Reason No. 96 Why Oxford = “Shakespeare” — Edward de Vere was with Elizabeth before her Famous Speech to the Troops at Tilbury

Queen Elizabeth the First of England gave her famous speech to the troops at Tilbury, a village on the Thames, at a time when they still believed the Great Enterprise of Phillip II of Spain, the Armada, was about to land. A ruthless military force, convinced of God’s will for it to succeed, was about to conquer England. But in this moment of terror Gloriana appeared in their midst, riding from rank to rank and smiling as the soldiers cheered, before delivering an address to be remembered for all time.

(click on images for larger views.)

52-spanish-armada-1588-granger

The speech, preserved in at least three versions, has been studied from then to now for its rhetorical structure, its simplicity and nobility, its power to inspire and motivate. It has been likened often to the St. Crispin’s Day speech in Henry V, when the king rallies his troops at Agincourt before they head into battle despite the overwhelming odds against them.

This reason to believe Edward de Vere Earl of Oxford was “Shakespeare” is the likelihood that, while Elizabeth certainly inspired him, there can be little doubt that he inspired her as well.

elizatilbury

Oxford was with the 55-year-old Queen at Whitehall Palace not long before her visit to Tilbury. The earl had been commanding own ship the Edward Bonaventure, as part of the English fleet led by Lord Admiral Charles Howard, his longtime supporter and close friend, during some of the early fighting against the Armada; but the Bonaventure had been put out of commission, so Oxford left the fleet and arrived on July 27 at the Tilbury camp, reporting to his long-time enemy Robert Dudley, Earl of Leicester, whom Her Majesty had appointed Supreme Commander of the Army.

The next day Leicester wrote to Secretary Francis Walsingham that Oxford had set off to retrieve his “armor and furniture.” The Supreme Commander wondered where to assign Oxford on land. “I would know from you what I should do,” he wrote. “I trust he be free to go to the enemy [engage in close combat], for he seems most willing to hazard his life in this quarrel.”

(c) Essex County Council; Supplied by The Public Catalogue Foundation

When Oxford returned, Leicester told him he was being put in charge of two thousand men at Harwich, a peninsula that promised little if any military action. Leicester wrote again to Walsingham on August 1, reporting that Oxford “seemed at the first to like well of it,” but then “came to me and told me he thought the place of no service or credit…”

We can only imagine the face-to-face confrontation between these two men, whose mutual enmity had finally erupted in the midst of the long-dreaded attempted invasion, the outcome of which would determine England’s future. Emotions were already running high; there was a very real fear that their country might be taken over by the King of Spain and the Pope of Rome, and this fear may have driven Oxford to an act of insubordination.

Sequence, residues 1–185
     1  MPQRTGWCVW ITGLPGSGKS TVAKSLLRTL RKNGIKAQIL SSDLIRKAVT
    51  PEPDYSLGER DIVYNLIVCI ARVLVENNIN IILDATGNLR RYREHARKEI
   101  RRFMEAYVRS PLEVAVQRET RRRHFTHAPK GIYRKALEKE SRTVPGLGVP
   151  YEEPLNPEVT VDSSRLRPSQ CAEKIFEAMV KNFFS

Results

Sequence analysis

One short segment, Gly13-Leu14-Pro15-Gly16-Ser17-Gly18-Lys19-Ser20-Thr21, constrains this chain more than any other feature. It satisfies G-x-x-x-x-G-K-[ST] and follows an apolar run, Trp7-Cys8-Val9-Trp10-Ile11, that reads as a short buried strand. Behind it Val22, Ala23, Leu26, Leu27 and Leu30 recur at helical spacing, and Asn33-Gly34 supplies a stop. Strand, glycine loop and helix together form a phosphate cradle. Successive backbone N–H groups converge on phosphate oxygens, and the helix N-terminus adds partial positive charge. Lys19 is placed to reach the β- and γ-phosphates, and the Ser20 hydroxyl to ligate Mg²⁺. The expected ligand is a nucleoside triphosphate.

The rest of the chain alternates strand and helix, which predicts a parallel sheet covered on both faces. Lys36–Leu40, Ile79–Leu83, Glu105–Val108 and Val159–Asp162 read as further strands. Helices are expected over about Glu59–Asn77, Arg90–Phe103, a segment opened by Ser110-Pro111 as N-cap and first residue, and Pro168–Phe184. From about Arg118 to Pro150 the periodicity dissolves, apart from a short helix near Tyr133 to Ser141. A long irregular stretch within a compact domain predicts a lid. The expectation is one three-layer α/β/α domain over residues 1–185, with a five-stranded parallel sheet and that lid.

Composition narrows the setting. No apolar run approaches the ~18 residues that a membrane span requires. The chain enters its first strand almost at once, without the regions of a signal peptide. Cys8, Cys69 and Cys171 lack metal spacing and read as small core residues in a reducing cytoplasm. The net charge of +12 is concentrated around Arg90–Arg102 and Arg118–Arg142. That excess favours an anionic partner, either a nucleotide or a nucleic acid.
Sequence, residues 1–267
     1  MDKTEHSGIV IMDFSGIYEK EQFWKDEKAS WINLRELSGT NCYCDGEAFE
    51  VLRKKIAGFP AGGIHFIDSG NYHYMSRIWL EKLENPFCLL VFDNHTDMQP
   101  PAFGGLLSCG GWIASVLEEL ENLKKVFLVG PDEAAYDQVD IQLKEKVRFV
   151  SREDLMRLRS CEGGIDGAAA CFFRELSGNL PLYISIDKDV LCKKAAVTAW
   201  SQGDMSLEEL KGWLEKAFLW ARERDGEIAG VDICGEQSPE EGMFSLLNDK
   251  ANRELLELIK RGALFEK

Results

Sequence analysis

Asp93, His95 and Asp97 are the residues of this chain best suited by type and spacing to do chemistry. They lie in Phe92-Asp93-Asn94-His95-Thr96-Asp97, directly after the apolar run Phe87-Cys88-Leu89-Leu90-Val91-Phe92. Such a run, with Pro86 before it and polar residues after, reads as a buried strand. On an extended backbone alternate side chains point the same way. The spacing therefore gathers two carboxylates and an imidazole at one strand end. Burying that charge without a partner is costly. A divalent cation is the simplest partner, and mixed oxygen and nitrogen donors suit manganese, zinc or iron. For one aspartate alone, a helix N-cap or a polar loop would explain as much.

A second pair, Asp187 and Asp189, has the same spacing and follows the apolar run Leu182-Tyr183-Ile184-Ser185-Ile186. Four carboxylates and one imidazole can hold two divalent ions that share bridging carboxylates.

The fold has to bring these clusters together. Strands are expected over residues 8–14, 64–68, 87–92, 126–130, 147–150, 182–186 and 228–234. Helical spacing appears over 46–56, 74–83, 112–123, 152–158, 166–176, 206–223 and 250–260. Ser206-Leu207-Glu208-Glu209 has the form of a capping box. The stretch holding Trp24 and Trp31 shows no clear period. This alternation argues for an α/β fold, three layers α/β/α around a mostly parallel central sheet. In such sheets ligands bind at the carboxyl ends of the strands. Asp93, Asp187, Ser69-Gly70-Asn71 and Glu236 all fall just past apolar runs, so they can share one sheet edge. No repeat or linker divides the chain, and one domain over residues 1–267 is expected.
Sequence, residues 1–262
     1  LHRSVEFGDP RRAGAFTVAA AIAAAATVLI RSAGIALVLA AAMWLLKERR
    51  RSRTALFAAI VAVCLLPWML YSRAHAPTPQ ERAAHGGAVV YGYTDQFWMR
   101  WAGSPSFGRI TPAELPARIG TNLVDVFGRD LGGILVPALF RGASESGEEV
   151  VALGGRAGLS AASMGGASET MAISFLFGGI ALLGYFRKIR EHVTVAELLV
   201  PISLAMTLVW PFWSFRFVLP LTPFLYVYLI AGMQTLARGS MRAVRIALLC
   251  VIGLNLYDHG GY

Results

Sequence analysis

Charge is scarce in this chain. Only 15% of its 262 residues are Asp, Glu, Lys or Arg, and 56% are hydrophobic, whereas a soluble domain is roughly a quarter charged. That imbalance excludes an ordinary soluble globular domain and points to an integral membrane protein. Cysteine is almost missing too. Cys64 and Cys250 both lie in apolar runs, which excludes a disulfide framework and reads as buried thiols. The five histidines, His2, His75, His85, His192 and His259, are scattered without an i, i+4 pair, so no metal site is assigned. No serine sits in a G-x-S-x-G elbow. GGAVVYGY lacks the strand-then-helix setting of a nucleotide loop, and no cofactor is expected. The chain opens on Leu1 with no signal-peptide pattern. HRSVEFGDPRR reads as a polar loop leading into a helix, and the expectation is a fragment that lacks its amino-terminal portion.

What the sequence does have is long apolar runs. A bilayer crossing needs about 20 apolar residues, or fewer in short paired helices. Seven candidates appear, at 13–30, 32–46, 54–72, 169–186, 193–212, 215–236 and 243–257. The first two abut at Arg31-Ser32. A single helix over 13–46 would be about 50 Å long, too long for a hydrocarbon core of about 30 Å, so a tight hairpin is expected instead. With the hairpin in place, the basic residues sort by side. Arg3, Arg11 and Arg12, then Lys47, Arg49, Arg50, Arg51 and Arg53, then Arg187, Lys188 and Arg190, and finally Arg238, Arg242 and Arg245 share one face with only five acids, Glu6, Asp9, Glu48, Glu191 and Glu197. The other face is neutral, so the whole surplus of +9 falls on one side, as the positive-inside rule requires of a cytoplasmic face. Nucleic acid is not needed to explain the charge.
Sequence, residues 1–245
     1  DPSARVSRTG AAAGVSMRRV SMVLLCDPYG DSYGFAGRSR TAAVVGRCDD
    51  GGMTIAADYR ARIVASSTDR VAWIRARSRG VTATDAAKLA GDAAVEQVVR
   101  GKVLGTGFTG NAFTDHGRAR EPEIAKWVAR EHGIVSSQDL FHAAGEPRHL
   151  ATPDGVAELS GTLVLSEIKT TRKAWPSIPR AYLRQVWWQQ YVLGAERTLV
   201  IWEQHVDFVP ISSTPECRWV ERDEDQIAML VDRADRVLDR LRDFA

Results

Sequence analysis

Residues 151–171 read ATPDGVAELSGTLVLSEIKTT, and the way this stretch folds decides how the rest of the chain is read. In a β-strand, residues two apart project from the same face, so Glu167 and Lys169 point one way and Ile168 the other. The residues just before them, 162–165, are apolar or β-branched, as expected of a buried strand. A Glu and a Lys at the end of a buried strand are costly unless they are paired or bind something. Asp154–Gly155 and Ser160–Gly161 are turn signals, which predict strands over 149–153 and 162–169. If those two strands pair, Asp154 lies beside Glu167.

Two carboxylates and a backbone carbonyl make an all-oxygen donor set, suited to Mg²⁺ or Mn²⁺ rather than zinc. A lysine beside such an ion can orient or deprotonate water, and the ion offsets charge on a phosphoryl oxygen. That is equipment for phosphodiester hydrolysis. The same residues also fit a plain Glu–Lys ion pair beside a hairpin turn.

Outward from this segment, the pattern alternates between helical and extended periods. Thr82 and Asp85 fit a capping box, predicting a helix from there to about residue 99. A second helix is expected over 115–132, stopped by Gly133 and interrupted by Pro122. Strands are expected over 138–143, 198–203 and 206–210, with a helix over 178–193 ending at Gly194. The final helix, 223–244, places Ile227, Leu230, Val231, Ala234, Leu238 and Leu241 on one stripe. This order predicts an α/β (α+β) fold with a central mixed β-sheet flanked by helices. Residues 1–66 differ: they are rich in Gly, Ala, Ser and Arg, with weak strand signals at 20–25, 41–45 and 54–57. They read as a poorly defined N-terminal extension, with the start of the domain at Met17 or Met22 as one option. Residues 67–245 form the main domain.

The Queen with Leicester at Tilbury

The Queen with Leicester at Tilbury

“Clearly Oxford’s motivation was pique,” Alan Nelson scolds him in Monstrous Adversary, “rather than cowardice or subversion; but pique cannot excuse a refusal to obey a superior officer in time of war.”

Rather than accept such an order from this man he thought of as a “villain, villain, smiling, damned villain,” as Hamlet called his uncle, King Claudius, viewed by Oxfordians as representing Leicester, he scoffed at it and hurried away. By August 1, when Leicester was writing to Walsingham about the confrontation, Oxford had returned to London, exclaiming he “would to the court and understand Her Majesty’s further pleasure.”

So Oxford had gone to Whitehall to be with Elizabeth, who was now within a week of making her dramatic speech to the troops at Tilbury. The historical record tells no more of Oxford’s doings until the victory celebration to St. Paul’s on November 24; but what, we may ask, was the substance of his meeting with Elizabeth? How long was he with her at the palace? From what they knew during that week, the conquest of England was very possibly imminent; and in this dire situation, what would they have talked about?

Was it decided right then, between the two of them, that the Queen would go to Tilbury to plead for unity and loyalty?

Elizabeth had been Edward de Vere’s official mother from the time he became a royal ward at twelve in 1562. He had been in her Majesty’s highest favor all during the 1570s and even through his second triumph in the tiltyard, at the great tournament of January 22, 1581. That had been just a few months before his steep fall from grace when his mistress, Anne Vavasour, one of the Queen’s own Maids of Honor, gave birth to his illegitimate son (Sir Edward Vere). Even so he had alerted Elizabeth and Burghley to the treasonous plots of his erstwhile Catholic associates, proving yet again that his loyalty to her had never wavered.